Pope Francis Says Building Walls Won’t Fix the Global Migration Crisis
He said that governments need to resolve the crisis humanely, "not with razor wire."
Pope Francis said that the global rise in migration should be dealt with by addressing its root causes, not by building walls, in an interview aboard the papal plane on Sunday, according to Reuters.
"Builders of walls, be they made of razor wire or bricks, will end up becoming prisoners of the walls they build," the pope said.
The pope said that wealthy countries have an obligation to humanely deal with migration when asked about US President Trump’s recent threat to shutdown the US-Mexico border to discourage migration.
And though he didn’t call out specific leaders, the pope acknowledged that migration has become a heated topic in recent years.
"I realize that with this problem [of migration], a government has a hot potato in its hands, but it must be resolved differently, humanely, not with razor wire," he said.
Between 2000 and 2017, global migration increased by 49%, becoming both a major driver of economic gains and also a source of tension in many countries, according to the United Nations’ International Migration Report. In addition to voluntary migration, there are currently 22 million people around the world who have been displaced from their countries by forces like conflict, persecution, natural disasters.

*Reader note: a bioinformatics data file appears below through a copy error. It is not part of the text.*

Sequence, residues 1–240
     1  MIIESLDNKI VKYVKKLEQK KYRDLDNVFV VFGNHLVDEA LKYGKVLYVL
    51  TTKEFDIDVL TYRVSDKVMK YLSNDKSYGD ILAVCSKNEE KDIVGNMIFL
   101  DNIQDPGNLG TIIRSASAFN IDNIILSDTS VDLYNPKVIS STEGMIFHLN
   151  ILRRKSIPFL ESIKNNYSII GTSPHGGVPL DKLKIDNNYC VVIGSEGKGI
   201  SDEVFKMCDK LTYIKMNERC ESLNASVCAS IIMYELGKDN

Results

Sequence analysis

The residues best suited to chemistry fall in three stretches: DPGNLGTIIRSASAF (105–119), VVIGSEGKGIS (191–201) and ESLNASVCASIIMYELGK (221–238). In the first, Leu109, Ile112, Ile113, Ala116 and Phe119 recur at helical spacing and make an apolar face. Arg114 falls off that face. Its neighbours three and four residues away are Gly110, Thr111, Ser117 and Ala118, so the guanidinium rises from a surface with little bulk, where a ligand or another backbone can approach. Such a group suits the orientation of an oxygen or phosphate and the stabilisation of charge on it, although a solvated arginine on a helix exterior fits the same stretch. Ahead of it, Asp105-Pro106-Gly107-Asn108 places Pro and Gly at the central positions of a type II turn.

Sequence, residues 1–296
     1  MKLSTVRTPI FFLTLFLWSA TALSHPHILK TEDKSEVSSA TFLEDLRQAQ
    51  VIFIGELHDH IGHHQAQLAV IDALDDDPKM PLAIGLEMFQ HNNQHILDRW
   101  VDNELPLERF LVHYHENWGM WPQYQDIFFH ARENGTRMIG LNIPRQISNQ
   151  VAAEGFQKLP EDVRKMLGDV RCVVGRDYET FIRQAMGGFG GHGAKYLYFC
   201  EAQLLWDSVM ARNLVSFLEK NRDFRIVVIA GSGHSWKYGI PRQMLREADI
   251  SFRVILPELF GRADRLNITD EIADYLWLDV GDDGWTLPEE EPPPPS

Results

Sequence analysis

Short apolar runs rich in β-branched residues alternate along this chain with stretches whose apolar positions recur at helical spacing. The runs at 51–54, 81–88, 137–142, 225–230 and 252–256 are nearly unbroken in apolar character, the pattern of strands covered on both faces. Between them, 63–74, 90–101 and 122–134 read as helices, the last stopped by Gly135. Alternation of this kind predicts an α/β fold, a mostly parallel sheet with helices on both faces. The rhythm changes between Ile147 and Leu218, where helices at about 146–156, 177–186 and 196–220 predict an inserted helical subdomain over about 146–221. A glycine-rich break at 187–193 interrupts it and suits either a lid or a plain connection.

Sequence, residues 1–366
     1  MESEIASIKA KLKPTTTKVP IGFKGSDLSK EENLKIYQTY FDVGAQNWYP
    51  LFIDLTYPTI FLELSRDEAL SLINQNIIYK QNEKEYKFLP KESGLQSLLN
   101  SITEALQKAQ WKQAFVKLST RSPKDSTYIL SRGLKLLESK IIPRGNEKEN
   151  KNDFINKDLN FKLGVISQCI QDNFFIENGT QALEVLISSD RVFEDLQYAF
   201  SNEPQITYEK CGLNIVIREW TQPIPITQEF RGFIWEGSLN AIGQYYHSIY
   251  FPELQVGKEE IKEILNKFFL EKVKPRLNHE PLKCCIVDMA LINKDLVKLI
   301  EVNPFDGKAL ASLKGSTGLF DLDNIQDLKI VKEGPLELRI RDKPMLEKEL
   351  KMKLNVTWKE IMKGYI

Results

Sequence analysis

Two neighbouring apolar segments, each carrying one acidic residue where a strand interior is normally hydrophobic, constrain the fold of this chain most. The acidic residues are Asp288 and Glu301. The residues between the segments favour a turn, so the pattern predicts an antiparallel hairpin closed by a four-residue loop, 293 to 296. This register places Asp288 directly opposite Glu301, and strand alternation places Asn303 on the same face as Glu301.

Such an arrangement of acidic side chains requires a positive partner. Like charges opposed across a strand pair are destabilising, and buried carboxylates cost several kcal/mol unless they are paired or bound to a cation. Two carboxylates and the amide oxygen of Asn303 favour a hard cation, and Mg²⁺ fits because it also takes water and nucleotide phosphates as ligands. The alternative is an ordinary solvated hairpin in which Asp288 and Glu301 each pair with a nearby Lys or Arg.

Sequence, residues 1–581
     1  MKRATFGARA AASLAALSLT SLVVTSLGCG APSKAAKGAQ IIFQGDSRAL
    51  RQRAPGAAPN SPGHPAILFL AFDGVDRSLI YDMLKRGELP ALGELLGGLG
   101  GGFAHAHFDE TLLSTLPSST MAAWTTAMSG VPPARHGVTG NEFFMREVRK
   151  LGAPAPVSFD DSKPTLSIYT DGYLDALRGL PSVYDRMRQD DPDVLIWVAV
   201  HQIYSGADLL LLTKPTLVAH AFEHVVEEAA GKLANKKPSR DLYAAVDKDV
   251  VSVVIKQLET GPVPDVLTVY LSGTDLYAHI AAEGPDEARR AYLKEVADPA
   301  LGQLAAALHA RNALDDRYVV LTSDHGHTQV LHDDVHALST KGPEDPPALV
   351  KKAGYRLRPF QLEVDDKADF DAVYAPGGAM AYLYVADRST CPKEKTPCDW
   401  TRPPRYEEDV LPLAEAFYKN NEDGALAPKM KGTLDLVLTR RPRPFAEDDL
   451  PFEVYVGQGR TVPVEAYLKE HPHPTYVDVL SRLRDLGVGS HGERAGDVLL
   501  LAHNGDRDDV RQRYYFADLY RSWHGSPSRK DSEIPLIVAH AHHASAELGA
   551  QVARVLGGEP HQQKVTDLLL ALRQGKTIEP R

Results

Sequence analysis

The majority of migrants end up in high-income countries where there are generally more work opportunities, but low-income countries take in 84% all refugees and asylum seekers, according to the UN’s report. Although migrants and refugees are caused by different factors, they often get lumped together when countries close their borders.
Migration has become more polarizing issue in some countries than others.
In the US, for example, President Donald Trump has threatened to close the US-Mexico border to prevent asylum seekers from crossing and said he will eliminate foreign aid to the Northern Triangle, where large numbers of asylum seekers originate.
Throughout Europe, migration has propelled far-right, anti-immigration parties to power in Italy and Germany, and fueled events like Brexit in the United Kingdom. In Thailand, a crackdown on undocumented migrants has also targeted refugees and asylum seekers, and Morocco has a nearly zero-tolerance policy for migrants from sub-Saharan Africa.
The general intolerance towards migrants around the world has led many to take extreme risks, including contacting smugglers, traversing perilous landscapes, and crossing dangerous bodies of water in search of safety and opportunity. Since 2000, more than 60,000 migrants have died while seeking safety.
Pope Francis has long called on countries to take a more humane approach to handling migrants, refugees, and asylum seekers. The UN, meanwhile, urges countries to adopt a new compact on migration that recognizes the changing nature of the global economy, the role climate change plays in displacing people, and the various root causes driving migration.
The pope said that addressing skyrocketing levels of inequality would go a long way toward reducing migration flows.
"With fear, we will not move forward, with walls, we will remain closed within these walls," he told reporters on Sunday.